Barbell back squats are a fundamental strength exercise in fitness, rehabilitation, and athletic training. The biomechanics of this popular movement and its variations have been well researched (4,14,15,22,29,31,38,41). Although previous research has focused mainly on lower extremity biomechanics, few studies have been published regarding the relationship between pelvis and trunk motion during barbell squatting exercises (21,28,39). The motion of the trunk and pelvis may be particularly important as barbell back squatting-type movements inherently require loading through the axial skeleton, and loading of this part of the body has been suggested to be a risk factor for injury (1,23,25,33).
A commonly prescribed technique to mitigate this risk of injury is to maintain the trunk and pelvis as vertically oriented as possible through the duration of the barbell back squat movement (8,10,26,30,35). Any deviation from the natural curvature of the spine and pelvis during the lifting tasks is indicative of a loss of neutrality within the spine, as pelvis and low back motion are closely related (20). Furthermore, it is suggested that while remaining close to neutral overall, the pelvis should remain in slight relative extension to the trunk, assisting in the maintenance of the natural low back curvature (11). The relationship between pelvis and low back motion supports the need for a similar pelvis position relative to the trunk throughout the squat. Doing so may mitigate the chance of errant low back motion, particularly flexion of the pelvis relative to the trunk, and reduce the risk of injury. Accordingly, technical guidelines agree with the need for a neutral spine and pelvis void of any relative motion during squatting movement to reduce injury risk (23,26,35). Therefore, methods to maintain proper trunk and pelvis position are an important consideration when performing these types of movements, especially at the bottom of the squatting movement when peak angular displacement of the trunk and pelvis is the greatest.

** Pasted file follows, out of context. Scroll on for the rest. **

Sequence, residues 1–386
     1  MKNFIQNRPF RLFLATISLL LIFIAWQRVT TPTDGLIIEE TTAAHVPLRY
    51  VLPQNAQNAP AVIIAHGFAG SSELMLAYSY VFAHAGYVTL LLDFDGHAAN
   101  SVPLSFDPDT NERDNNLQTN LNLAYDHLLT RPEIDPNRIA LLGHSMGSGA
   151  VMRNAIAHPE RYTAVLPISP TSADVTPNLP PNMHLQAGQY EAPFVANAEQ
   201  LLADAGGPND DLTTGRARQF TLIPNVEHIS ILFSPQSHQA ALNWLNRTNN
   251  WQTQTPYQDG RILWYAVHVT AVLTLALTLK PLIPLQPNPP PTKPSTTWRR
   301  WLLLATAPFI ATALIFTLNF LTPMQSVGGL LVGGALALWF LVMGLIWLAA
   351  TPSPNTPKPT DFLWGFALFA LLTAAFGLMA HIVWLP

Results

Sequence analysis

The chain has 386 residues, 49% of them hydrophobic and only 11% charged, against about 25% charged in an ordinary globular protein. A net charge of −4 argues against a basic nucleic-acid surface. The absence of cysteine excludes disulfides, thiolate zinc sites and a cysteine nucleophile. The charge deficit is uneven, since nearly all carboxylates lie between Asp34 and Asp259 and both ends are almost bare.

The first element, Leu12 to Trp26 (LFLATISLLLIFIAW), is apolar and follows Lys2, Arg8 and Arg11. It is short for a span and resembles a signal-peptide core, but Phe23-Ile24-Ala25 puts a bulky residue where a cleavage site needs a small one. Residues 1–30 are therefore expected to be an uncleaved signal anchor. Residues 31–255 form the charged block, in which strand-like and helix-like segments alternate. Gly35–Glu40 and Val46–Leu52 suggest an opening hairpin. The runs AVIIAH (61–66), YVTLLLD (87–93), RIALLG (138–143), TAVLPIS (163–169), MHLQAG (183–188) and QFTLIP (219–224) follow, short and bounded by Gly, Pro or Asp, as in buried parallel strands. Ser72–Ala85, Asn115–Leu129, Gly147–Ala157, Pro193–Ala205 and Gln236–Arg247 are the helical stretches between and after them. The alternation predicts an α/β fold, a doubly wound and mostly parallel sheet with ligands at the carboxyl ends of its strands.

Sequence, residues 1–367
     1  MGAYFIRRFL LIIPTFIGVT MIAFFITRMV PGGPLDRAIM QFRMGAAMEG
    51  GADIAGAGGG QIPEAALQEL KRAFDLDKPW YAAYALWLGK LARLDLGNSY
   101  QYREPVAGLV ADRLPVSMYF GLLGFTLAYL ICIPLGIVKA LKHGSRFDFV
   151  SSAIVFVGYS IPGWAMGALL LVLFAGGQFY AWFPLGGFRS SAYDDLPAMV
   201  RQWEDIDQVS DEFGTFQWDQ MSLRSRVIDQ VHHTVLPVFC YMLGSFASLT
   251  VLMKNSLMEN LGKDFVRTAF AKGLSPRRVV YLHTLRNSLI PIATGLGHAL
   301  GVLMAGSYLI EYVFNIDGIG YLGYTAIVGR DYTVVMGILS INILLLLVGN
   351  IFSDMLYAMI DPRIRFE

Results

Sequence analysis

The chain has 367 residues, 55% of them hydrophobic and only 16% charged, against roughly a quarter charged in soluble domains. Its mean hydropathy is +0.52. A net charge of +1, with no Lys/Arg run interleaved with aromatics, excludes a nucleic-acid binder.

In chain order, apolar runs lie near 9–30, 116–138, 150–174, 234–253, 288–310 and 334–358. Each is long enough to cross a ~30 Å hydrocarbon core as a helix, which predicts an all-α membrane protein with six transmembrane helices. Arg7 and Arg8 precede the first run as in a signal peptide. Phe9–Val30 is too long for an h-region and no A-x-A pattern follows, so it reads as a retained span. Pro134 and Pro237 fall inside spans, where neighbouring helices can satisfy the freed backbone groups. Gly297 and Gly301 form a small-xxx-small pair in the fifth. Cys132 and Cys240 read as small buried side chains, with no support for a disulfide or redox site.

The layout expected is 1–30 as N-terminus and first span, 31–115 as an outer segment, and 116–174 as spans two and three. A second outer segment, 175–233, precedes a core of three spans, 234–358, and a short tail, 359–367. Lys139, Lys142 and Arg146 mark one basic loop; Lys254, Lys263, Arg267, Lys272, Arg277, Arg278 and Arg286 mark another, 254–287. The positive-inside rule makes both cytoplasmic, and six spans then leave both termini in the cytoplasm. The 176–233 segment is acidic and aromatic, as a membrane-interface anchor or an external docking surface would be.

It has been observed that certain modifications to the barbell back squat technique, such as bar position, stance width, and anterior knee translation, have had varied effects on trunk and pelvis positions, in addition to hip joint moments (14,21,28,38,41). As joint moment differences indicate the change in demand placed on a joint, it is important to understand how any modification to the squatting technique can affect joint moments. Additionally, stance width modifications have been shown to also alter lower extremity muscular activity, particularly of the gluteus maximus (GMax), adductor longus, and gastrocnemius (24,31), which may have an impact on movement efficiency, neuromuscular control, or resultant joint loads. Importantly, anterior knee translation modifications require significant gastrocnemius strength and ankle dorsiflexion range of motion (ROM) (2), whereas stance width modifications may demand increased frontal plane flexibility in the hip joint, possibly precluding their use for some individuals.